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Update Field to current logged in user ID with new record command button


Update Field to current logged in user ID with new record command button

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kwoznica
kwoznica
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Also here is the complete table definition.


USE [GKHumanResource]
GO

/****** Object: Table [dbo].[HRCaseData] Script Date: 8/7/2013 3:59:59 PM ******/
SET ANSI_NULLS ON
GO

SET QUOTED_IDENTIFIER ON
GO

SET ANSI_PADDING ON
GO

CREATE TABLE [dbo].[HRCaseData](
[Id] [int] IDENTITY(100,1) NOT NULL,
[CaseDate] [date] NOT NULL,
[Customer] [varchar](50) NOT NULL,
[HrRepId] [varchar](50) NOT NULL,
[Category] [int] NOT NULL,
[CaseDescription] [varchar](30) NOT NULL,
[CaseStatus] [bit] NOT NULL,
[ClosedDate] [date] NULL,
[Resolution] [varchar](1000) NULL,
[DepartmentID] [smallint] NOT NULL,
CONSTRAINT [PK_ID_Customer_Category] PRIMARY KEY CLUSTERED
(
[Id] ASC,
[Customer] ASC,
[Category] ASC
)WITH (PAD_INDEX = OFF, STATISTICS_NORECOMPUTE = OFF, IGNORE_DUP_KEY = OFF, ALLOW_ROW_LOCKS = ON, ALLOW_PAGE_LOCKS = ON) ON [PRIMARY]
) ON [PRIMARY]

GO

SET ANSI_PADDING OFF
GO

ALTER TABLE [dbo].[HRCaseData] ADD CONSTRAINT [DF_HRCaseData_HrRepId] DEFAULT (suser_sname()) FOR [HrRepId]
GO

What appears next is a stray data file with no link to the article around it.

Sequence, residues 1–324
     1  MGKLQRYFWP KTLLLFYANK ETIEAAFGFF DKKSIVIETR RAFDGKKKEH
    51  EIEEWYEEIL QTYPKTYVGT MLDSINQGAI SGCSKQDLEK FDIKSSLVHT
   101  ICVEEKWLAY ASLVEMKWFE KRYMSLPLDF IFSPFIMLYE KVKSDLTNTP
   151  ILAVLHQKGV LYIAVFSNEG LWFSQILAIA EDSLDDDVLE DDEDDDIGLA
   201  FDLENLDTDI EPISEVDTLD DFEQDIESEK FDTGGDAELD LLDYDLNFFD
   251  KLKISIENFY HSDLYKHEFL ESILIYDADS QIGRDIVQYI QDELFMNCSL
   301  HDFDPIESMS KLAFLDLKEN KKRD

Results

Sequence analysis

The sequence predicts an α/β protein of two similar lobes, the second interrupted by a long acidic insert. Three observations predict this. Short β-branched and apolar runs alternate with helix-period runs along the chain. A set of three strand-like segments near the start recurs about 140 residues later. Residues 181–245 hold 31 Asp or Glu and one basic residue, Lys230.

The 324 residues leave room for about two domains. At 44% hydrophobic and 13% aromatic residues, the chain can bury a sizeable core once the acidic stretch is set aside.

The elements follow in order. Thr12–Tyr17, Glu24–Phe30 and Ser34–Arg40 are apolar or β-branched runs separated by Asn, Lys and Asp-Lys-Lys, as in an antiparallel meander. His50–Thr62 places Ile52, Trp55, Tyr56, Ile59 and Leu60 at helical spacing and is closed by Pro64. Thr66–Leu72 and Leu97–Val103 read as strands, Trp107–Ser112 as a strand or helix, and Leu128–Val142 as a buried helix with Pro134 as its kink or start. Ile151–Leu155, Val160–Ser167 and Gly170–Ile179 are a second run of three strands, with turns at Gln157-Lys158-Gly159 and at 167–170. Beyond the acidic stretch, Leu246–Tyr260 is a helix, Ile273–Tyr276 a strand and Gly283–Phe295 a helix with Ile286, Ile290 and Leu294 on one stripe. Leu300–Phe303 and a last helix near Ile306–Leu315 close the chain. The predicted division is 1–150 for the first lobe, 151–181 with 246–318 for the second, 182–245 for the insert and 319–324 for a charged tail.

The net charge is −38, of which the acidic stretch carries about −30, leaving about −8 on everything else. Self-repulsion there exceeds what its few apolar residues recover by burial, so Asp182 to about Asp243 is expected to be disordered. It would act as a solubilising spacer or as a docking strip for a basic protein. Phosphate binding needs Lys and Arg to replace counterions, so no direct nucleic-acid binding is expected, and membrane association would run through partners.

ALTER TABLE [dbo].[HRCaseData] ADD DEFAULT ((7)) FOR [DepartmentID]
GO

ALTER TABLE [dbo].[HRCaseData] WITH CHECK ADD CONSTRAINT [FK_Category_CatType] FOREIGN KEY([Category])
REFERENCES [dbo].[HRCategory] ([ID])
GO

ALTER TABLE [dbo].[HRCaseData] CHECK CONSTRAINT [FK_Category_CatType]
GO

ALTER TABLE [dbo].[HRCaseData] WITH CHECK ADD CONSTRAINT [FK_Department] FOREIGN KEY([DepartmentID])
REFERENCES [dbo].[HRDepartment] ([DepartmentID])
GO

ALTER TABLE [dbo].[HRCaseData] CHECK CONSTRAINT [FK_Department]
GO




WendellB
WendellB
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There should not be any difference based on SQL Server version or Access version. This technique is dependant only on SQL Server, and we have similar tables that work just fine on both versions you mention.

On permissions, we normally give each user dbowner on the database so that we don't have to set permissions on all of the objects - as in general our users should be able to update all the tables. (We do restrict users by presenting the data in forms and do not give them access to the tables.)

Just a hunch, but by chance are they using an Access form to add records that has a different default value set for that field? That seems to me to be the most logical explanation for the behavior you are seeing. To test that you could try adding a record to the table directly without using an Access form. Another more remote possibility is that there is an issue with the UserName in SQL Server - is this Integrated Security or SQL Server Security? Also it would help to know if the field is truly a Null, a series of blank characters, or an empty text string.

Wendell
Colorful Colorado
You can't see the view if you don't climb the mountain!
kwoznica
kwoznica